Accounting changes aimed at banks impact on insurers

Chief financial officer at Hannover Re, Roland Vogel, has warned that International Accounting Standards Board (IASB) changes to how companies value investments could hurt European insurers, the FT reports.

The IASB launched proposals to force banks and insurers to use fair value – often called market value – for their holdings of financial instruments.

Insurance specialists are concerned that in tackling the financial crisis at banks, standards setters have overlooked a greater potential impact on insurers.

Vogel said it seemed “contradictory ... to move even more towards fair value accounting, rather than in the other direction that would take us away from pro-cyclicality. “It would mean higher volatility for the P&L, which does not provide the basis for consistent valuations for banks and insurers. It would keep potential investors away, which cannot be the aim of regulators, governments or other stakeholders.”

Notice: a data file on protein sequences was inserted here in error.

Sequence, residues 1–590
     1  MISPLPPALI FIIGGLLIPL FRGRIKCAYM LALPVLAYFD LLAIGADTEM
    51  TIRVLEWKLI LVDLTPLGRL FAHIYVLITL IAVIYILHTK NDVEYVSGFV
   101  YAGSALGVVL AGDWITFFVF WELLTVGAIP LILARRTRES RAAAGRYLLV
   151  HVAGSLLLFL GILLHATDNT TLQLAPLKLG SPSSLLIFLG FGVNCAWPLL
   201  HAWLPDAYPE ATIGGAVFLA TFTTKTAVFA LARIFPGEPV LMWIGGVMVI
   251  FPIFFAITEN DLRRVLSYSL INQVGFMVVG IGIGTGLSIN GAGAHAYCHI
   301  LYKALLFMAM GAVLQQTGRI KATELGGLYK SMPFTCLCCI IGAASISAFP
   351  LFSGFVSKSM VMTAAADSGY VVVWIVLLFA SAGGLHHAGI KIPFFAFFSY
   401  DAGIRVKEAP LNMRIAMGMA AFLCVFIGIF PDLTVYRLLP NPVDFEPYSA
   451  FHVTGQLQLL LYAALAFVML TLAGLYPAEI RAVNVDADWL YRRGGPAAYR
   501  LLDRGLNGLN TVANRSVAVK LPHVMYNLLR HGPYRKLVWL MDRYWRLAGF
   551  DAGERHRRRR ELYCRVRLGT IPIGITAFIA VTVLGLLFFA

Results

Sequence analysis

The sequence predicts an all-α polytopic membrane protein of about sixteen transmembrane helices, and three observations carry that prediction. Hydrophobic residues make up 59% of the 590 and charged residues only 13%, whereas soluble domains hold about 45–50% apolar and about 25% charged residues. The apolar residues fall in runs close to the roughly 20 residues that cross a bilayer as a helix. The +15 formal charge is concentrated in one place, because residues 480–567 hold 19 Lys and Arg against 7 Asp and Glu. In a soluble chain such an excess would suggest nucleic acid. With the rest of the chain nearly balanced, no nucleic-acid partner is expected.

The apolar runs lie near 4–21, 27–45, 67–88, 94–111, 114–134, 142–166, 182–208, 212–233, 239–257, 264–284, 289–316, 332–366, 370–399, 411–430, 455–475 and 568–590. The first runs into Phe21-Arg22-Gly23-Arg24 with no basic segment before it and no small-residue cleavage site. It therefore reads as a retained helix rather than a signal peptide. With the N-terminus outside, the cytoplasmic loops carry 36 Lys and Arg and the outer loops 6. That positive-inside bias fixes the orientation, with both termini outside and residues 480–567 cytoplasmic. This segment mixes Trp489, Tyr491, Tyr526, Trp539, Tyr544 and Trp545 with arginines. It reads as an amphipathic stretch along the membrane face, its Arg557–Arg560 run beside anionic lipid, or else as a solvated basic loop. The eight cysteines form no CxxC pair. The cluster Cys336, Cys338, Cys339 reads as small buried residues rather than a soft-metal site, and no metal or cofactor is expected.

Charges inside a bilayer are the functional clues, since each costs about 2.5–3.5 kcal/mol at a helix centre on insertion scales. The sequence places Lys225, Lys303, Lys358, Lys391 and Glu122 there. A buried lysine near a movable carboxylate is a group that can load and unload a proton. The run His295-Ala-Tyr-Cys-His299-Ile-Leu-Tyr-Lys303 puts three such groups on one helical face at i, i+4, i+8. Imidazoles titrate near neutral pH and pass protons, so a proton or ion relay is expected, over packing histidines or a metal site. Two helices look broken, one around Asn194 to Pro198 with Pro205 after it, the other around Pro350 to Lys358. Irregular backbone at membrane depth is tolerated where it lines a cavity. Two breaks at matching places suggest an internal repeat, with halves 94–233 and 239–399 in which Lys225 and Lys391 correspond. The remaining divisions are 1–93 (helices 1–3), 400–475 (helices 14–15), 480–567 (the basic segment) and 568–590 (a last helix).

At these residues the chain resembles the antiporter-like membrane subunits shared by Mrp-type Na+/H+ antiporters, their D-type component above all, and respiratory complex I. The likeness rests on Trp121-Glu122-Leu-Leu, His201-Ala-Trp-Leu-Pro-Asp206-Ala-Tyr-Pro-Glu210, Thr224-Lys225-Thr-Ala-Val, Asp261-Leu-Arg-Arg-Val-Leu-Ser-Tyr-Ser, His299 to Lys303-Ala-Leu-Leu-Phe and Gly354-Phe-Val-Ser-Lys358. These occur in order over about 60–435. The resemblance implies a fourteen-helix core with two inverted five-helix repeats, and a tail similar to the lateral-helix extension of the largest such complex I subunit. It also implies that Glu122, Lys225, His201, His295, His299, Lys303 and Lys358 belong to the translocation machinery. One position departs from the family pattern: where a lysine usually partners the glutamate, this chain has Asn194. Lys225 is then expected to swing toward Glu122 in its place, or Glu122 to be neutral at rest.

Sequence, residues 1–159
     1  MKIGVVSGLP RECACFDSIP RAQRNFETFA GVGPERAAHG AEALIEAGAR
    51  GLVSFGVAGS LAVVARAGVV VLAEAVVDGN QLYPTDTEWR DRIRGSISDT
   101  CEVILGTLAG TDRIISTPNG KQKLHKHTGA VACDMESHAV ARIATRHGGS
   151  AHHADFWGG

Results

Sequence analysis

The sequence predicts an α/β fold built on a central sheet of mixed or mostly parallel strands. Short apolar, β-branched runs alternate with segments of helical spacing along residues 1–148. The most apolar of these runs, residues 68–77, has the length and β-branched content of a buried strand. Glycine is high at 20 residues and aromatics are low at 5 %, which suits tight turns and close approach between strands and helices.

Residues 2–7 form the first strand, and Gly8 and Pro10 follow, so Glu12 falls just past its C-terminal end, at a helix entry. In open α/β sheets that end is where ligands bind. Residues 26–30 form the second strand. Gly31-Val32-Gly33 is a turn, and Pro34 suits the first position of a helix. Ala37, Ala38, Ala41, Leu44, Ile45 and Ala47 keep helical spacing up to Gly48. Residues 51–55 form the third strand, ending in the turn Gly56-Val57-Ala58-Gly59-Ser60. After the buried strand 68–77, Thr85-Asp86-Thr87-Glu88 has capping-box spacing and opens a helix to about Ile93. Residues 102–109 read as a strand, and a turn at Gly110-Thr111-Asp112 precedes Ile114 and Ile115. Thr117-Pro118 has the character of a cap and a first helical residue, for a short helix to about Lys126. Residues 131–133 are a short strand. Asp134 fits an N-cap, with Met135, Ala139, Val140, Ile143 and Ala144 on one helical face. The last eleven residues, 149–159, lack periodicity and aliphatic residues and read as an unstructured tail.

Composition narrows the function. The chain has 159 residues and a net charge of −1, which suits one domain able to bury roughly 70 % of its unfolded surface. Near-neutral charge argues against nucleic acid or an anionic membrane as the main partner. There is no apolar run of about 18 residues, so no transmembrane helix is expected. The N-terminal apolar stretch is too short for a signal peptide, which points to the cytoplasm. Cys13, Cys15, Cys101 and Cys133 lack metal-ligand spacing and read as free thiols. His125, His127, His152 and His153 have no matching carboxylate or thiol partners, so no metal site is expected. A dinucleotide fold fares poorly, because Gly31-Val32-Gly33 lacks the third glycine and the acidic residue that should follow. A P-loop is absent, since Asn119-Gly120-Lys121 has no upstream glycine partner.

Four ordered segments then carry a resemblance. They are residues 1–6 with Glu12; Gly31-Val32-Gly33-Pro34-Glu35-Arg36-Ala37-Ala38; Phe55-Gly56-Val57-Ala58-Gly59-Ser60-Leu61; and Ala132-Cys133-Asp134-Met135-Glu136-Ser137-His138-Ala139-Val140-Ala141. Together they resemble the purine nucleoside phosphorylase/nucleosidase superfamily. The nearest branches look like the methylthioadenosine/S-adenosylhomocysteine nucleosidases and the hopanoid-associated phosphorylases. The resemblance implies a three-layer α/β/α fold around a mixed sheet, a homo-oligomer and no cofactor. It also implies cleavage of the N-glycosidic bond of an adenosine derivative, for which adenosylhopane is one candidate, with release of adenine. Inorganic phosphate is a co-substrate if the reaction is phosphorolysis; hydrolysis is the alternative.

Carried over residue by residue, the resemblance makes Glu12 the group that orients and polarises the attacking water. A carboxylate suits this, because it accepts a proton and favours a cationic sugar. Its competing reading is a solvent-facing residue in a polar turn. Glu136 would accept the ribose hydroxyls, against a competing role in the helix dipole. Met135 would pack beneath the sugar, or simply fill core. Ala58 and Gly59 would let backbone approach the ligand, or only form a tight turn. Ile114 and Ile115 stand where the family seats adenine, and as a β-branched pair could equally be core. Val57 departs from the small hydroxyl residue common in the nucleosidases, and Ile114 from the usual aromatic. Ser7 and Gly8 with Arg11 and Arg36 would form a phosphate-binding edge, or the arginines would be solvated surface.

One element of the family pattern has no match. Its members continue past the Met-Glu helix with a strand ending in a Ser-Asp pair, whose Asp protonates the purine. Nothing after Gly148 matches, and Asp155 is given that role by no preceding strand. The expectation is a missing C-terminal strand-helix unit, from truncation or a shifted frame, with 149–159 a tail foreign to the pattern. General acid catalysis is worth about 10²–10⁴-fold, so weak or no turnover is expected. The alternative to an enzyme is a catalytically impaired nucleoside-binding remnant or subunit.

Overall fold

UK affect is different

An executive at a big UK insurer said: “This debate has been dominated by the banking fraternity and issues related to the financial crisis, whereas actually insurers are among the biggest investors in financial instruments on a long-term basis.”

Phil Smart, a partner at KPMG in London, said: “Among European insurers, there are currently differences in valuation practices. The new proposals could mean they see less volatility on their balance sheets, but potentially more volatility through the income statement.”